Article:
South of Tibet: Dadawa, Angel-voices, and Prof. He in Hindi-land

The album title is actually (in Chinese) 如来如去, a reference to the line 如幻如化净本空, 如来如去性本净 from the Tathāgatagarbha Sūtra – like most of Buddhist lyricisms, useless to translate, better to chant.

Yet something strange has occurred in terms of audience reception:: this most truly ecumenical of anything the team has produced and surely its most elegant success in recombinations has more or less flopped in the :”Big” crossover markets of the US and China…. smile as the jurors might, it hasn;t caught fire.

 

**** Complexity and lack of MTV as negatives…

(as of May 27 2012 3 1/2 years

01.天外天 90
02.达塔伽达 0
03.冥想 0
04.虚空之心 0
05.色界 465
06.树有风 803
07.四方之舞 0
08.如来如去 169

Illustration: From the 2008 album
title: Tathagata: the Tathagata Sutra (Chinese rulai ruqu); He Xuntian; He’s 2002 album Paramita.

*****

Unlike Tibet Mongolia and Xinjiang, there is no SE Asia or India derived diasporic musicianship in China, either at the CD level or on TV: by contrast: as we have seen, Tibetans from Yunnan and Gansu and W. Sichuan are densely represented in the ranks of fusion singers and have massively invaded the airwaves and screensets of TV. Mongols from Qinghai have also recently made their presence known, as (since long ago), Korean exiles of Yanbian have been immersed in perpetuating or renewing traditional “Korean-folk” dances.

Ditto for the “hardware”. While fiddle and guitar cousins or simulacra move across the MXT grasslands, perhaps also drumming formulae and dance as well, none of these link S. Asian folk or street music into China: their sounds are thus utterly alien, a fact of course cheering for He Xuntian who makes and is constantly expanding his arsenal of unknown sound machines and drum rhythms .
India, Nepal, and indeed SE Asia have no such extraterreritorial vanguard….

If the southernness of their musicial experiments is alienating, yet our undaunted pair of explorers have managed to find song flows and other sounds with such alacrity that we hear several improvizations on the spot. Improvisability in turn means there is a reservoir of untapped vocabularies probably far richer than anywhere in non-Sinophone China…. and promisive one yet another benefit: folk musics from Nepal is, like their written languages, highly interactive with those of Tibet, as also probably lyrics and legends: so there is an opportunity here for rivalling or pushing aside the flood of intra-Tibetan singers and pop-ensembles who, in any case, are a good deal shorter in modular vocabularies (same of course for Uighur and Kazakh folk-voice of course as well). Politics here thus perhaps shares a seat with record company offshore promotions: India and Nepal are English speaking loci, even if their song lyrics are not: thus mastery of their music inside of or by Chinese world musical athletes creates a bypass for new voices to reach “the sea” that carries easily over and beyond Tibet.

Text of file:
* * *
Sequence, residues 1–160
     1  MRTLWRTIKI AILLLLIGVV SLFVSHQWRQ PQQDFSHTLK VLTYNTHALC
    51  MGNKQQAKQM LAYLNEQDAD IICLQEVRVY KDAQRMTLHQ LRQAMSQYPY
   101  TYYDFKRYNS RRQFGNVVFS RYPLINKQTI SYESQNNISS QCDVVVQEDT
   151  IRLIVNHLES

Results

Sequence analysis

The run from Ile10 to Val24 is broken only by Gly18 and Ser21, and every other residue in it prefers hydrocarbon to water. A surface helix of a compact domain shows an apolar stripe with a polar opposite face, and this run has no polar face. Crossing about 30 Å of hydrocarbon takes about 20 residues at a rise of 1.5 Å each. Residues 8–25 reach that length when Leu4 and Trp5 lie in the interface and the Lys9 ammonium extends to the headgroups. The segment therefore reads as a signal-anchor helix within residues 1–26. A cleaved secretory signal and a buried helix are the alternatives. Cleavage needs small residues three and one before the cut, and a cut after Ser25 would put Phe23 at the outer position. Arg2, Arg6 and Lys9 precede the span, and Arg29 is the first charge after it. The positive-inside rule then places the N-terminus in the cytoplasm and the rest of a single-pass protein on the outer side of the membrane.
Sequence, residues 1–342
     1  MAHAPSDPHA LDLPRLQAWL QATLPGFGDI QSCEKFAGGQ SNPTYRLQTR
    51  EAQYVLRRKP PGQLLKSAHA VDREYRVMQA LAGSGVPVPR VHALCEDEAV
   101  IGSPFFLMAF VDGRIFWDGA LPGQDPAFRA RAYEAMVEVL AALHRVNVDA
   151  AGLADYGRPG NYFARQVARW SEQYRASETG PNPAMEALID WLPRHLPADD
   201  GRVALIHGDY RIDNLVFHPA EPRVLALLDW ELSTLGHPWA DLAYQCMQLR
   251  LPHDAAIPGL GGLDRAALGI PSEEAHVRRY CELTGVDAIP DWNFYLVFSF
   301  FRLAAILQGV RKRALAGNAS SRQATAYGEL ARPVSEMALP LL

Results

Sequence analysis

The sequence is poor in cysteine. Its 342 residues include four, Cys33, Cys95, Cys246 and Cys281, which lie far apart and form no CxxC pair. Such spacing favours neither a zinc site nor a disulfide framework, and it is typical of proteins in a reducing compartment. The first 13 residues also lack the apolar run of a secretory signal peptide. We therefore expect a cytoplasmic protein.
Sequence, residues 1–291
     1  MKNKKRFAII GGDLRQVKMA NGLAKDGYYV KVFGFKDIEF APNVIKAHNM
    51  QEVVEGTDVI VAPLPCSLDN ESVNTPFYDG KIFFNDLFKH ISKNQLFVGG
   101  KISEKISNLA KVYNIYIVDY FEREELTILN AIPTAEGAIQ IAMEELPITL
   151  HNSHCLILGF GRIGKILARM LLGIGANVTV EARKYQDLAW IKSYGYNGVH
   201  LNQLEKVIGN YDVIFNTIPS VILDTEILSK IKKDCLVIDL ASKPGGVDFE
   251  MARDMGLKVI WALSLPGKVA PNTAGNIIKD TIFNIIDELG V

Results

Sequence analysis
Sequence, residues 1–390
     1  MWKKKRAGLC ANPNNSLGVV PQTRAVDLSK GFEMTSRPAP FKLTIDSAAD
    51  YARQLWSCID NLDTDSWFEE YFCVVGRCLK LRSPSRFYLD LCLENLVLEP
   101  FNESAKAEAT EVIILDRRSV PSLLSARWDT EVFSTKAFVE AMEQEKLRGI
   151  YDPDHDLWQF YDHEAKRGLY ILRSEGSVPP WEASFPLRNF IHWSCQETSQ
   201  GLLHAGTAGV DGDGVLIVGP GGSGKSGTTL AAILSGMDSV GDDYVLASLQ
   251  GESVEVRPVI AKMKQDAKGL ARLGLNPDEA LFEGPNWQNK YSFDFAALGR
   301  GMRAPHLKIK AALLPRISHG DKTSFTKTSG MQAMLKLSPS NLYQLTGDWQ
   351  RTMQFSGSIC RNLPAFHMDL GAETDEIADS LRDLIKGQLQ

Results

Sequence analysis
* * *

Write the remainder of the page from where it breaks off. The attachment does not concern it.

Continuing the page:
(In passing but also Tibet-related: “Folk” turns out ever so often to have elite and extra-linguistic roots, is a stepchild or orphan of Palace or Court troubadour music and “temple” dance styles, still in one way or another imitated and remembered, “hand-me-downs” from alien intruders, ones since replaced by new and more recent alien intruders. What is so unique – not necessarily a blessing – about Tibetan (as also Yi and Hmong) music-dance culture is its lack of any such pedigree or input. It is only where the afterprint of Islam/Mongol conquest and legend remains that one finds such things as defined modes, modulations, improv. vocabularies, professionalized dance repertoires with virtuosities embedded.

Amdo-Qinghai, because once Mongol- (Dzungar or Kazakh) occupied, still have “dictionaries” of modes, melodies, legends intertwined with song, and, rarest of all, professionalized orchestral music also bundled into molds for this or that occasion. But is the much exhibited Gesar tale-telling poesy really an equivalent, a modular package gifted from above, branching wide once in lower terrain? It is surely a relic of someone’s conquest of somewhere, but there is nothing to tie the narrative to any historic Monarchy in that country …

This is of course a mere speculation, but let’s see what the venture into sub-Himalayan terrain (May 2006: Nepal, Butan, and India) has to offer: its northern mountainous ridgecountry terrains a favorite stomping grounds for Warrioring, the home of Timberlaine… (Tamerlaine) … where Mughal/Persian court arts prospered: its downmountain valleys teeming with performance-caste caravans or soloists folk-professionals in the business of brokering song from everywhere else where once had presided indigene Kingdoms….

(and where elsewhere)… a deja vue of DFGWT zhang jian and Dao Meilan but not music…)Odissi, Kathak, Bharatanatyam)

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A another prefatory: the embracing and internal re-propagation of Hindic performance trads had alraedy swet across the PRC twicce before: first during the Bandung cultgure-bloc experiment of 55-66; second during the first-blush years of Deng’s Glasnost, when (paradoxically) 2 major dance-drama films were expensiveoly produced to redispplay Chinese mastery of “Western Gate” Dzungar (DH) and “Thai” finger-dance arts and msuic, as palatial a susbset of stage arts as as could be imagined… on the shelf to readfrfim Uzbek (Dunhuang) and Dai/Tailve palace palace-dabnce,

(though there were followups embvraced Tibet as in Wencheng gongnzhu and Hong Hegu and Pricne of the Himalays), have never been serious about and even (with soe strain) todo the same for Tibet… in…)

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****

But let us watch the process, as documented in Dadawa’s 2006 tour of N. India (Benares/Delhi) and Kashmir, Bhutan and Nepal.

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